To many Americans, Danny Meyer is the Shake Shack guy.

But long before Meyer introduced his upmarket burger and custard chain, which started as a humble hot dog cart in Madison Square Park, there was Union Square Cafe. In 1985, at the age of 27, Meyer opened the contemporary American restaurant in Midtown Manhattan. It proved to be a huge hit and a restaurant-industry trailblazer.

Now Union Square Cafe is coming to the nation's capital, marking the first location Meyer plans to open outside of New York. As first reported by Washingtonian, the restaurant will be part of the upcoming Capitol Crossing, a massive development taking shape over Interstate 395 between Massachusetts Avenue and E Street NW, that's slated to deliver its first building next year and be completed in 2020, according to the project website. A rep for Meyer's Union Square Hospitality Group confirmed the opening but said details on the restaurant are still slim.

While Shake Shack has meant Meyer has had a presence in Washington since 2011 (his group also operates several concepts at Nationals Park), the arrival of Union Square Cafe establishes a stronger local foothold for one of the country's most respected restaurateurs. Here's why it matters.

Union Square Cafe was ahead of its time in a number of ways. Long before an eat-local, farmers-market ethos took hold around the country, Meyer patronized the famed Union Square GreenMarket from the very beginning at Union Square Cafe. In fact, the Times reported, one of the requirements for the relocated restaurant's new site was that it had to be a six-minute hand-truck ride from the market. (Skyrocketing rent had prompted Meyer to abandon the restaurant's original location.)

And while it seems like every other restaurant these days bills itself as “modern American” or “contemporary American,” that wasn't as easy of a sell in 1985, when exclusively French or Italian restaurants were seen as the height of culinary sophistication. Union Square Cafe drew from several cuisines in building its roster of eclectic fare. (Also, zoodles: Before home cooks began spiralizing vegetables, the restaurant when it opened was serving a zucchini pappardelle.)

Meyer was also an early adopter of the concept of the eat-in bar, a design mainstay these days. He wanted to address the conundrum of dining alone, so he had a custom-built bar installed at Union Square Cafe that was wide enough to enjoy a meal.

Meyer is credited with shepherding today's relaxed style of restaurant service. Published in 2006, Meyer's book, “Setting the Table,” is a kind of bible for the restaurant industry. Speak with any chef or restaurateur about the vibe and staff they're trying to build, and Meyer's name is likely to come up. You'll see his DNA in the more relaxed, but no less polished, service at such Washington restaurants as Rose's Luxury and All-Purpose.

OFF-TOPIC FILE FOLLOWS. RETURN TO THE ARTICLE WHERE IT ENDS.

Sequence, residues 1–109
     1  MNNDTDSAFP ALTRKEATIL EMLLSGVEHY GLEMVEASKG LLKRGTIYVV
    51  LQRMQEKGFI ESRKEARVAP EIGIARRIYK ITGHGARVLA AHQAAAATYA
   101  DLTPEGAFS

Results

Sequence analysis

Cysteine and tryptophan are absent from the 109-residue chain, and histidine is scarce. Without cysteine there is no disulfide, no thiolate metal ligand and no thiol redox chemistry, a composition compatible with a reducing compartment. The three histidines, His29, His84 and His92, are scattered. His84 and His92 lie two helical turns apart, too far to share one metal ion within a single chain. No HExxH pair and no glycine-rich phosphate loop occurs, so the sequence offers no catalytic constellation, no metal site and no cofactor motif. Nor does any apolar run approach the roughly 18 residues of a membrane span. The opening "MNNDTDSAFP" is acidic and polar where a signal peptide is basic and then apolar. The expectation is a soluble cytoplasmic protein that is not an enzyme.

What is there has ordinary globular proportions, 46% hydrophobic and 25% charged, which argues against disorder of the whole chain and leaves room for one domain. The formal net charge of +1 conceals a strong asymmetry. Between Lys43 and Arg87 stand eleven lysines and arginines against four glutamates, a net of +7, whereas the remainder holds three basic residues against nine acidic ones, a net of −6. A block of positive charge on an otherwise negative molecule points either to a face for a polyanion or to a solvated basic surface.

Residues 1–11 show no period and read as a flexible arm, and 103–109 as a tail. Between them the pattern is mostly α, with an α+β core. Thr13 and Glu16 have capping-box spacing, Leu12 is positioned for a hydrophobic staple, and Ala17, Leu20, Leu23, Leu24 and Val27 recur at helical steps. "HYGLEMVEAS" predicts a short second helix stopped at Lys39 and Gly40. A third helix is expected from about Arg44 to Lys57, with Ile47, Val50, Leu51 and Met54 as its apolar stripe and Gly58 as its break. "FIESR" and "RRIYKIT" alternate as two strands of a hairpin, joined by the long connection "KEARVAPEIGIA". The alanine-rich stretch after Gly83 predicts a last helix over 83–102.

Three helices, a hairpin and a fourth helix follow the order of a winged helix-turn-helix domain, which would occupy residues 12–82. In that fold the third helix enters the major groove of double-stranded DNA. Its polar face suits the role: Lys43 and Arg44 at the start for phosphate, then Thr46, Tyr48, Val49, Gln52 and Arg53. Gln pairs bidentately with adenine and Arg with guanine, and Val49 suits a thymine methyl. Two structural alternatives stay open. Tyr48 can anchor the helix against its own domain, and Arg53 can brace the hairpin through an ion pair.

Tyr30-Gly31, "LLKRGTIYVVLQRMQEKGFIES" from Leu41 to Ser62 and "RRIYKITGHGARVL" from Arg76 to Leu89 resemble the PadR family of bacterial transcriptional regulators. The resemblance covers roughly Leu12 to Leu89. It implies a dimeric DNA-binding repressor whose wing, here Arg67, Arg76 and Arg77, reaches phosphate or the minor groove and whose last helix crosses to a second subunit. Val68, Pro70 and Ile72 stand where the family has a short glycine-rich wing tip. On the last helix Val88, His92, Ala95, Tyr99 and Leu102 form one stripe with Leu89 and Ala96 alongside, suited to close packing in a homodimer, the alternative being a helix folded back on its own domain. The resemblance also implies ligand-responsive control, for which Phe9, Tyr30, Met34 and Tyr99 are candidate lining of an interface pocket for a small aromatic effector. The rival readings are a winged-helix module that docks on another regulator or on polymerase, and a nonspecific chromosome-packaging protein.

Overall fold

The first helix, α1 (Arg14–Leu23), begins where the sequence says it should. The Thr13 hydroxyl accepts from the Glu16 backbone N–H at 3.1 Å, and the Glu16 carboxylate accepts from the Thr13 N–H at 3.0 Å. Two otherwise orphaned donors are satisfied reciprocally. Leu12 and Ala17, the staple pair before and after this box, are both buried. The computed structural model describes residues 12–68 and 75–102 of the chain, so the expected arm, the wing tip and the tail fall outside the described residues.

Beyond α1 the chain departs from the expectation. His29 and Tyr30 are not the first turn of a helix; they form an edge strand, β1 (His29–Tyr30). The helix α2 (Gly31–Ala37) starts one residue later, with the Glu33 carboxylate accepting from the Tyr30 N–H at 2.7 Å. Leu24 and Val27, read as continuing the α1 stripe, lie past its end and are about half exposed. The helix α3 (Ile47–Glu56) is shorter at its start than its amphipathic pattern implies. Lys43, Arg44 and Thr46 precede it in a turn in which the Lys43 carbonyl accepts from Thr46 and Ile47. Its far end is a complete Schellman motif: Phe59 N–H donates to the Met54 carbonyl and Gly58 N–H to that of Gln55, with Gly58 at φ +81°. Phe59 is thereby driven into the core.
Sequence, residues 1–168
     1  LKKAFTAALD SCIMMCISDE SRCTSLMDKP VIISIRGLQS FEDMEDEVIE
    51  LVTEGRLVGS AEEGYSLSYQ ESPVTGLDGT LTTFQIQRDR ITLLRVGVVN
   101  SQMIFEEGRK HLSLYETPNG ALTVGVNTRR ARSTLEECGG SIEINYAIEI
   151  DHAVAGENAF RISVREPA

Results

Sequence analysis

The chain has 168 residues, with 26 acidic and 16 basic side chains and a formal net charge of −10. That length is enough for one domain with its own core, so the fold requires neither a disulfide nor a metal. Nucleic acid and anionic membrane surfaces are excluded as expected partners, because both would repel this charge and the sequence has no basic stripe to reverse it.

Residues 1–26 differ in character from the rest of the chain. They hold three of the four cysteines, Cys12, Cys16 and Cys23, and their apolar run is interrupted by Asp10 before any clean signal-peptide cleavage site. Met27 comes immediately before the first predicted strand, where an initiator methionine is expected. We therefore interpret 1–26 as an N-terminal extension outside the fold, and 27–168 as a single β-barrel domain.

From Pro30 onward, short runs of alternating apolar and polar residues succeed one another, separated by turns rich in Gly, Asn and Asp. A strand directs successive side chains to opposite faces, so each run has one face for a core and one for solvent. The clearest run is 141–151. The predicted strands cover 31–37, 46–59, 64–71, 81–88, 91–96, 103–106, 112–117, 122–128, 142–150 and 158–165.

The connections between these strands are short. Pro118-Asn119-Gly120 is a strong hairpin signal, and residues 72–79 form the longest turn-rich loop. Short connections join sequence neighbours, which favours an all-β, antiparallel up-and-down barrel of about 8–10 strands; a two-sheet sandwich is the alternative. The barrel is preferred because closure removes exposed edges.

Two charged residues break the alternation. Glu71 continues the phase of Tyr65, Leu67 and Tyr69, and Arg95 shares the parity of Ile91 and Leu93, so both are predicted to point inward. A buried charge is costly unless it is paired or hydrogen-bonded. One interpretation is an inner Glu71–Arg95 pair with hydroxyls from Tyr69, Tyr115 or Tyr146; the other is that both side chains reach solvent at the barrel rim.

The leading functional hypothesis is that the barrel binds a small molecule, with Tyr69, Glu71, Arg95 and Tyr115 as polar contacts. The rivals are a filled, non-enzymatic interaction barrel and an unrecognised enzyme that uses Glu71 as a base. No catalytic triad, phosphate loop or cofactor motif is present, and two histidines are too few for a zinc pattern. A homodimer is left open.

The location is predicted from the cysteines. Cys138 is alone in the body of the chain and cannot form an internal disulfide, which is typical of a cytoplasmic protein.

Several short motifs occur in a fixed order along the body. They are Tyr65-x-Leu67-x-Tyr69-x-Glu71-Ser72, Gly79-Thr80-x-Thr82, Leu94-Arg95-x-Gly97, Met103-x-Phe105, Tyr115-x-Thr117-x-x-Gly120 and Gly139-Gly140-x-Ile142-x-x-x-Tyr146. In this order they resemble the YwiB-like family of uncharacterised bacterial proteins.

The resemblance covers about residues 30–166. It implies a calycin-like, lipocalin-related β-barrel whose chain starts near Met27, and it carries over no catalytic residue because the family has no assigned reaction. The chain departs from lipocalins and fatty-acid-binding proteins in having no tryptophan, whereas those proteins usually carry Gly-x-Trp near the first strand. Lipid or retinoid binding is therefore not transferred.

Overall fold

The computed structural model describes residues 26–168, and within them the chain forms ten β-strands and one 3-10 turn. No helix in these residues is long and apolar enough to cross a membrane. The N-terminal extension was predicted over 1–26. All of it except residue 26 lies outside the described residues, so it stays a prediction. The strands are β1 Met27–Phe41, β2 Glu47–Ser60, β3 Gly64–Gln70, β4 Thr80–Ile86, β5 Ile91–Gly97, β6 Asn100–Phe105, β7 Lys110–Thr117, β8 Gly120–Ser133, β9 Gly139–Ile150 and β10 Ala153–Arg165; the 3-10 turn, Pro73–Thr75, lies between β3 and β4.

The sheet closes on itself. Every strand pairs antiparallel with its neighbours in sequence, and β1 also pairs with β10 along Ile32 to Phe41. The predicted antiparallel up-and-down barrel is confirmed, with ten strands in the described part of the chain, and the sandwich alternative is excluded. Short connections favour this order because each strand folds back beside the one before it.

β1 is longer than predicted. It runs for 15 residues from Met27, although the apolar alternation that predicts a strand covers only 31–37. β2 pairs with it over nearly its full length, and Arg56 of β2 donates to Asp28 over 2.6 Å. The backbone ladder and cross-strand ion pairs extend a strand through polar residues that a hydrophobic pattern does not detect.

Sebastian Zutant, a partner with chef Michael Friedman in District spots the Red Hen and All-Purpose, succinctly summed it up when he told The Washington Post about a particularly attentive meal he and Friedman had at Union Square Cafe sibling Gramercy Tavern: “Thank you, Danny Meyer.”

Meyer was one of the first high-profile restaurateurs to eliminate tipping. Meyer's announcement in 2015 that Union Square Hospitality would be eliminating tipping at its family of restaurants was big news, which inspired others to follow suit and prompted renewed discussions about wage disparity.

“We believe hospitality is a team sport, and that it takes an entire team to provide you with the experiences you have come to expect from us,” Meyer wrote in a statement at the time. “Unfortunately, many of our colleagues — our cooks, reservationists, and dishwashers to name a few — aren't able to share in our guests' generosity.”

The move was also indicative of his overall philosophy. “Caring for each other comes first. We put our guests second,” Meyer told Andrew Dornenburg and Karen Page for their 1998 book, “Dining Out: Secrets from America's Leading Critics, Chefs, and Restaurateurs.”

Union Square Cafe is the foundation for Meyer's very successful restaurant empire. “It's my firstborn. It's a New York institution,” Meyer told the New York Times as he prepared for its reopening. “For our company, it's the mother yeast of every loaf we've ever baked.” Those loaves now include such other famed institutions as the Modern (two Michelin stars), Gramercy Tavern (one Michelin star) and, of course, Shake Shack.

Union Square Cafe is a beloved, well-respected institution, a rarity in such a volatile industry. Critical acclaim has come in the form of a number of James Beard Awards, one of the most coveted honors in the industry, including wins for best chef New York City, outstanding wine service, outstanding restaurant and outstanding service (in 1992, the first time the category was offered). It's a favorite among diners, too, having earned the top spot nine times in Zagat's survey of the city's most popular restaurants.

But perhaps former New York Times food critic Frank Bruni said it best in his two-star review of Union Square Cafe in 2009: “I can't think of another New York restaurant that enjoys such acclaim, basks in such adoration and yet exhibits such humility.”

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